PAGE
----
Likewise, Defendants' superior knowledge of a business does not give rise to a special relationship between sophisticated business parties (Sebastian Holdings, Inc. v. Deutsche Bank AG, 78 AD3d 446, 447 [1st Dept 2010] (“Plaintiff's alleged reliance on defendant's superior knowledge and expertise in connection with its foreign exchange trading account ignores the reality that the parties engaged in arm's-length transactions pursuant to contracts between sophisticated business entities that do not give rise to fiduciary duties.”) ). This is true even where the business is defendant's own (MBIA Ins. Corp. v. Countrywide Home Loans, Inc., 87 AD3d 287, 296-97 [1st Dept 2011] ). Superior knowledge of defendants' own misrepresentations is also not the type of unique or specialized expertise that creates a special relationship (Greentech Research LLC v. Wissman, 104 AD3d 540, 540-41 [1st Dept 2013] ).
RKA inappropriately relies on Brass v. Am. Film Techs., Inc., 987 F.2d 142, 150 [2d Cir 1993], to argue that Defendants had a duty to speak because one party was in possession of superior knowledge, not readily available to the other, and knew that the other was acting on the basis of mistaken knowledge (Opp., at 30). The Second Circuit's discussion related to fraud-based claims, not negligent misrepresentation (Brass v. Am. Film Techs., Inc., 987 F.2d at 150), and RKA has failed to show that Defendants' alleged superior knowledge was of the type that could give rise to a special relationship. Moreover, RKA's allegation that, after Relativity became insolvent, defendants had a fiduciary duty to avoid depleting assets that could be used to repay RKA (Opp., at 31) is irrelevant. At the time that Relativity became insolvent, Defendants' alleged misrepresentations that caused RKA to loan money to Relativity had already been made. Under New York law, “the requisite relationship between the parties must have existed before the transaction from which the alleged wrong emanated, and not as a result of it” (Gregor v. Rossi, 120 AD3d at 448). RKA has failed to show that its dealings with Defendants gave rise to more than an arm's length, borrower-lender relationship, and its negligent misrepresentation claim must be dismissed.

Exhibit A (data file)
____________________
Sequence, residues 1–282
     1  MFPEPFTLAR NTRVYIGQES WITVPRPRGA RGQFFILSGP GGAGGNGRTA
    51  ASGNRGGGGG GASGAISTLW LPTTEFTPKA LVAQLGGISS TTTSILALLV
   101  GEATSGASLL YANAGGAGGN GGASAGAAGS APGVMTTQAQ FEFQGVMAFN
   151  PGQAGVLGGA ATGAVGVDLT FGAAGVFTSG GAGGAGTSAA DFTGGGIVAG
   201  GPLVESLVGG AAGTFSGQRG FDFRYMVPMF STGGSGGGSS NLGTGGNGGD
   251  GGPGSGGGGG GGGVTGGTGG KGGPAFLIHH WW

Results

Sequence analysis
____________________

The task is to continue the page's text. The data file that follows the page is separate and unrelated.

Accordingly, it is hereby
ORDERED that the motions to dismiss are granted and the complaint is dismissed in its entirety, with prejudice; and it is further
ORDERED that the Clerk is directed to enter judgment accordingly.
Charles E. Ramos, J.
Response sent, thank you
Docket No: 652592/15
Decided: March 05, 2018
Court: Supreme Court, New York County, New York.